Avoid these 3 types of echo chambers

John Grisham

Jul 15th 2021

There are three primary types of echo chambers — those influenced by social media, our physical surroundings, and our internal ones. The personal ways that we process and digest information.

Have you ever noticed the content you see on social media aligns with your beliefs? How often have you thought about the people with who you surround yourself? Did you notice that you think in eerily similar ways? Or maybe you became aware of resistance or defensiveness in yourself when questioned about what you think or believe?

This article will examine these three types of echo chambers and the dangers associated with each.

Note: In this article, I will be using the terms filter bubble and echo chamber interchangeably.


Social media echo chambers


This variety is one that most people may be familiar with when they hear the term echo chamber. As a result, it may receive more attention in conversation than the others. Examples could include, though are not limited to: chat rooms, the plethora of Reddit/sub-Reddit posts, recommended YouTube videos, Facebook groups, or how a Twitter feed is populated.

These examples have a common factor: they act in ways that reinforce the thoughts, feelings, or beliefs of those who engage with them. This reinforcement encourages activity, further encouraging engagement in the material that does resonate with readers/supporters. If we enjoy something or find that something has value to us, we come back to it for more, and this is further encouraged with the community of viewers.

These concepts form the basis for social media algorithms that recommend content for us based on the type of content already consumed. You might view some collector basketball shoes, and then Facebook realizes you like this specific variety of shoes. And so, more advertisements appear in your feed which you come to notice on some level - whether consciously or not.

Another example could be when you view and engage with information about a political party. Because of this, Facebook, YouTube, and others will attempt to show you content that aligns with beliefs shared by that group.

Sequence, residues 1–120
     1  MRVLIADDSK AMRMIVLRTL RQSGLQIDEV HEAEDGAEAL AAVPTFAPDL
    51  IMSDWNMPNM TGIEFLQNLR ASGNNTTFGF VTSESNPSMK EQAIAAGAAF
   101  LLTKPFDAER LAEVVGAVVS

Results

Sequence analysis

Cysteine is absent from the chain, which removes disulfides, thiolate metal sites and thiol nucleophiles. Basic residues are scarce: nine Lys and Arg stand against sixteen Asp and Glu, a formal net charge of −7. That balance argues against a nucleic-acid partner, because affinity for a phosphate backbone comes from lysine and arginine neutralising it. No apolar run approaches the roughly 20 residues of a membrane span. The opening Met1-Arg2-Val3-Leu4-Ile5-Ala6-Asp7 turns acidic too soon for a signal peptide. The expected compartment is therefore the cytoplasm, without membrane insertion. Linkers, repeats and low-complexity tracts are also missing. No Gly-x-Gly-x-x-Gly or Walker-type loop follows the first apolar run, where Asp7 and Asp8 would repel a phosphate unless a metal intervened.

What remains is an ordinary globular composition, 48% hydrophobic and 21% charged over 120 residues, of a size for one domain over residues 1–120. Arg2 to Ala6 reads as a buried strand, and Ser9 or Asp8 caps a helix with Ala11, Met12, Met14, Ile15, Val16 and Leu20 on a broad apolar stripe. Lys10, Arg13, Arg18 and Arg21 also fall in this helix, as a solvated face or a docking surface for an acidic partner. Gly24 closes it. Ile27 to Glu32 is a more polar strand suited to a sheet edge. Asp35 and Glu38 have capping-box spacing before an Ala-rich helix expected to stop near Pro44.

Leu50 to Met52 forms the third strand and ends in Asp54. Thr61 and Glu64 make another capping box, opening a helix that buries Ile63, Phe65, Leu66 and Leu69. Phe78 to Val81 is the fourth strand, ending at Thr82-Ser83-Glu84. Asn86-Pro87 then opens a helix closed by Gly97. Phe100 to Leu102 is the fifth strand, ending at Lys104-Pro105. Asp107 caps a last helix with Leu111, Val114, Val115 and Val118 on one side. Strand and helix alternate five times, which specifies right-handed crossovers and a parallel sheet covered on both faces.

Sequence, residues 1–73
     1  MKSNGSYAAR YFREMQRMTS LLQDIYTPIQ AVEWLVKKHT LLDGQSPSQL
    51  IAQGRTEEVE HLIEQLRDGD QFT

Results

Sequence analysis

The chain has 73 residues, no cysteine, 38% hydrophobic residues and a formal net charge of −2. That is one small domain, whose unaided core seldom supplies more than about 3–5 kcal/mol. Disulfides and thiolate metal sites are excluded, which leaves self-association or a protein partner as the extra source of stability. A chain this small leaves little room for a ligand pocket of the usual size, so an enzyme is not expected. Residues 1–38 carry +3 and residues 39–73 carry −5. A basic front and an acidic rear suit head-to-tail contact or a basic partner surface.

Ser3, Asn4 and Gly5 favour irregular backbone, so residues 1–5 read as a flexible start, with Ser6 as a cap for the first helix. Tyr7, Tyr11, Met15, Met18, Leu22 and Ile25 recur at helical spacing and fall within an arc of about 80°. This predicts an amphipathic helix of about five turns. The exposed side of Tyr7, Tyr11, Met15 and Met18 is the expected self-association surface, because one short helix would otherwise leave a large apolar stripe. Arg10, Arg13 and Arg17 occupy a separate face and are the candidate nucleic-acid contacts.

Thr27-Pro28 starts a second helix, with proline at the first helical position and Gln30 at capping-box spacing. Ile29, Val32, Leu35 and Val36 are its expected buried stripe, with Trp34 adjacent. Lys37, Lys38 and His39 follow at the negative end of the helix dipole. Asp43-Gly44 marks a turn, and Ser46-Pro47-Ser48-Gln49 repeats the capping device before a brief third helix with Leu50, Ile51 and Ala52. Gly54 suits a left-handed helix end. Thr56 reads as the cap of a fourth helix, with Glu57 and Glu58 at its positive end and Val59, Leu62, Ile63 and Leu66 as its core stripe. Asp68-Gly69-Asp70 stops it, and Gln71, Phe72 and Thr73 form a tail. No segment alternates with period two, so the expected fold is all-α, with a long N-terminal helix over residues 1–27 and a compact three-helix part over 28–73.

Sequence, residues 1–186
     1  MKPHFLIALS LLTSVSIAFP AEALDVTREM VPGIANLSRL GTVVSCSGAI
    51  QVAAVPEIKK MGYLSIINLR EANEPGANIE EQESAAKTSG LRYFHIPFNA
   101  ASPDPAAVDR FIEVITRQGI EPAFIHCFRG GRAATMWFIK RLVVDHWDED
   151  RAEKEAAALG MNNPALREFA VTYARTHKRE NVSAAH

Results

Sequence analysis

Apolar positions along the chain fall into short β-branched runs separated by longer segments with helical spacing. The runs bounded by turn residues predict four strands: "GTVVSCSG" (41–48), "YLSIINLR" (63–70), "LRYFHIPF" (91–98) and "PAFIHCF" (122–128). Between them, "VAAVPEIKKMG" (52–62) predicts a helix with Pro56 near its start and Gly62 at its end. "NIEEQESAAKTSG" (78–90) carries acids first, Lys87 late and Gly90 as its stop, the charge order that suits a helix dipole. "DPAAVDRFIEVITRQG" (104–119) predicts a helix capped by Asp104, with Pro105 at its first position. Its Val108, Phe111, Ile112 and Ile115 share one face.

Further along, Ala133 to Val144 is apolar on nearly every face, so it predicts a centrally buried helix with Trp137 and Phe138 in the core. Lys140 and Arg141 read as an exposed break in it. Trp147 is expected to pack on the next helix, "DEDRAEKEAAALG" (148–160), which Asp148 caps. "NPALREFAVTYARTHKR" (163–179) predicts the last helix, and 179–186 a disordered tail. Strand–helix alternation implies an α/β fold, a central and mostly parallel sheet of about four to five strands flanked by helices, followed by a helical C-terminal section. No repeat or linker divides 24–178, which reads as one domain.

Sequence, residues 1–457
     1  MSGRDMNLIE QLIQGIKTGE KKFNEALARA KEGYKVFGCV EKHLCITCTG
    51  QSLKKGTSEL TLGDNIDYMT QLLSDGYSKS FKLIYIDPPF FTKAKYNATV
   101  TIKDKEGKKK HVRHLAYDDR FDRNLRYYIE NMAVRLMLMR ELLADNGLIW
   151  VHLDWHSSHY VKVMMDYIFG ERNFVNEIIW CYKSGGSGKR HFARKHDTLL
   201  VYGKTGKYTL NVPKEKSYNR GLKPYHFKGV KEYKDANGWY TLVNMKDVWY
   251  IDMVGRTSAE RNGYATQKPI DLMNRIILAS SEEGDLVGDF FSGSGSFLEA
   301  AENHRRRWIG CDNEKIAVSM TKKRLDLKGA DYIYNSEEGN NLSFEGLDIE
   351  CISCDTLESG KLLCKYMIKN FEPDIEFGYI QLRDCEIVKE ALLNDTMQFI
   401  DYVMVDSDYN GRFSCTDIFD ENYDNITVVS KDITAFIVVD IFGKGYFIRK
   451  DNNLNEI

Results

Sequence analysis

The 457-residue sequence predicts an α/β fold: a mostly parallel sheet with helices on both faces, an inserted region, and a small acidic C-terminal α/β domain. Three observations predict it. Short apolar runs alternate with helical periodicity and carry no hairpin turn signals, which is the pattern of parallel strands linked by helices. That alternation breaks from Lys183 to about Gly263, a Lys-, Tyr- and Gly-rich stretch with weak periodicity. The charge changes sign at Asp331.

This type of filter bubble can be easier to recognize, and becoming familiar with this can help you be aware of bias. It does not mean you have to go nuclear and delete your profile. It can sometimes be enough to remain aware when entering an echo chamber. And then to gradually disengage or changing the patterns of how we use those platforms.

What can be most difficult is recognizing when the tactics of social media can be manipulative. The creators of The Social Dilemma expound on this in greater depth.



Physical echo chambers


What I am referring to here is our in-world interpersonal relationships. These encompass groups of friends and acquaintances - which could be in your community, our family, or friends. As a result of how close we are to these in-world relationships, filter bubbles can be harder to recognize in these groups.

Unlike social media, which can lead to news bias, our physical filter bubbles affect our daily lives in less consciously recognizable ways. When not engaging online, we absorb the ideas and thought patterns that we are exposed to by others.

One extreme but familiar example would be the high school clique. I think many readers here can conjure memories of high school, some of which may be fond, while others may not be. This group-based environment is likely to encourage sameness and familiarity.